In a previous edition of Piponomics, I wrote about how Japan’s latest inflation reports suggest that it might be losing its battle against deflation. This week’s set of economic data provides more clues on whether or not the Japanese economy is in a rut.
Household spending and retail sales data for August gave mixed results, as the former chalked up a worse than expected 4.7% year-over-year decline while the latter showed a stronger than expected 1.2% annualized uptick. Still, it paints pretty much the same picture as in July, when household spending saw massive 5.9% drop while retail sales marked a decent 0.5% increase.
Looking closer at how these figures were calculated shows that retail sales simply comprises a subset of household spending, which accounts for the change in the inflation-adjusted expenditures of consumers. This goes to show that overall spending remains very weak and that consumers are still struggling months after the sales tax hike was implemented.
The August jobs report seemed a little more upbeat, as the unemployment rate improved from 3.8% to 3.5% during the month. Forex market participants were expecting to see no change from the July reading.
Components of the labor report reflected stability, as the availability of jobs maintained its highest level in 22 years. The jobs-to-applicants ratio, which is considered a gauge of labor market demand, stood unchanged at 1.10. However, the number of new job offers declined by 0.7% in August and is down by 0.6% on a year-over-year basis.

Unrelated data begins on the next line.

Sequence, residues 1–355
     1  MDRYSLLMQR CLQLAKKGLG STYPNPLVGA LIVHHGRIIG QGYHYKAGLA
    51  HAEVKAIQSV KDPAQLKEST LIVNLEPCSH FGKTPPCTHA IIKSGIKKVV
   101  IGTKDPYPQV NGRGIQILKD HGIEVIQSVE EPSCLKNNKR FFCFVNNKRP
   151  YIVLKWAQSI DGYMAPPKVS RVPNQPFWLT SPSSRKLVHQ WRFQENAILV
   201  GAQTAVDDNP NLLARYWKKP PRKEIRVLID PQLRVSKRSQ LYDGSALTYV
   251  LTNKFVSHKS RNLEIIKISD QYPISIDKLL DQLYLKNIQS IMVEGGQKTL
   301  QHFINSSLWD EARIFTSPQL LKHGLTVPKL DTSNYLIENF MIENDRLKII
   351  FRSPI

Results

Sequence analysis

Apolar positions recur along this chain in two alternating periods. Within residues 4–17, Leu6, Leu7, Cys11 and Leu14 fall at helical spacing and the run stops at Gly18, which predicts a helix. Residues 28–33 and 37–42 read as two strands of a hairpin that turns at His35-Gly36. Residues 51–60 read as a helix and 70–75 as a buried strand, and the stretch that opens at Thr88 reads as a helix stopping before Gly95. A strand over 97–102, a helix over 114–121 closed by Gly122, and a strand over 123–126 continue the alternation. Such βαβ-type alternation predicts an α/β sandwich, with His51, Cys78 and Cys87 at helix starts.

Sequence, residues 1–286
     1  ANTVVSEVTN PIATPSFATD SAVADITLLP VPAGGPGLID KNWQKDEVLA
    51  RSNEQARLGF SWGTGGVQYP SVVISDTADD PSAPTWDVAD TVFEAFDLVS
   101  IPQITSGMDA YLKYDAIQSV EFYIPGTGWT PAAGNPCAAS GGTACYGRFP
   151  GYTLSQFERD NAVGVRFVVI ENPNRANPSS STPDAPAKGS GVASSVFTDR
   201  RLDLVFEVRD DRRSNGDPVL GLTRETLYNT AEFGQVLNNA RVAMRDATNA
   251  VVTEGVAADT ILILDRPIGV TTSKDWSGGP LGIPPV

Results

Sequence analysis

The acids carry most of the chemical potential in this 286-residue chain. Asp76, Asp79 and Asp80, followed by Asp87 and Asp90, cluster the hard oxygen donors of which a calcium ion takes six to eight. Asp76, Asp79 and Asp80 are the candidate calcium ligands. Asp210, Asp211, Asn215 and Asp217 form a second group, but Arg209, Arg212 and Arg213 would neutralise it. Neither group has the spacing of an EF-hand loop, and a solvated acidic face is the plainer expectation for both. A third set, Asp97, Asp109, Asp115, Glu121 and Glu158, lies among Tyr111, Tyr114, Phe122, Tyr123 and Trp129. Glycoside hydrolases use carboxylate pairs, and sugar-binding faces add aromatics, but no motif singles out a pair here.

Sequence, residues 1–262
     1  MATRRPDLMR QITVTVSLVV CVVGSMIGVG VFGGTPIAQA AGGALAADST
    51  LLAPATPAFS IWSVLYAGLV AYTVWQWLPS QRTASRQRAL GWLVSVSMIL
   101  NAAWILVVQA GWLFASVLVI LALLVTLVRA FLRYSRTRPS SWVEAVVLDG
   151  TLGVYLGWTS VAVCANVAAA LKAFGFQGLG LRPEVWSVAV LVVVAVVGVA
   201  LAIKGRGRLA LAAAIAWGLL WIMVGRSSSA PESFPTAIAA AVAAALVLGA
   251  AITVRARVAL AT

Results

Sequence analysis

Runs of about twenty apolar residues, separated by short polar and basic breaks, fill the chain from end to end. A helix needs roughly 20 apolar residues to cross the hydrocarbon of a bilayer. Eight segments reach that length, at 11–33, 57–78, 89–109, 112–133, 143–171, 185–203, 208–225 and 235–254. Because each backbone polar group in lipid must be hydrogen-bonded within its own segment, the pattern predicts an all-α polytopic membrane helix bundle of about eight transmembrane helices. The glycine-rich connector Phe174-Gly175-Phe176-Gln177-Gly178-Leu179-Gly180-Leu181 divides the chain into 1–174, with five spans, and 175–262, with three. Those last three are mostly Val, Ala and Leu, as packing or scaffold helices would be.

The preliminary industrial production report was another downer, as it printed a surprise 1.5% decline instead of showing the projected 0.2% increase. Economic experts appear to be getting concerned about the ongoing slump in industrial production, which could spell negative prospects for exports and overall growth.
“We’ve had two quarters of consecutive decline in production,” noted Takuji Okubo, principal and chief economist at Japan Macro Advisors. “With consumers suffering under the weight of consumption tax, it has to be exports or capital expenditure that drives the Japanese economy. But from what we’re seeing in industrial production, that doesn’t seem to be happening, so the Japanese economy is basically without a driver.”
Not only did these weak figures spur talks of additional easing from the BOJ, but these also led some market watchers to speculate about another recession in Japan. Although BOJ Governor Kuroda still remains adamant that the Japanese economy will sustain its moderate recovery, Prime Minister Abe might be forced to downgrade his economic assessment sooner or later.
Do you think the BOJ is bound to ease again? Share your thoughts in our comments section or cast your votes in our poll below!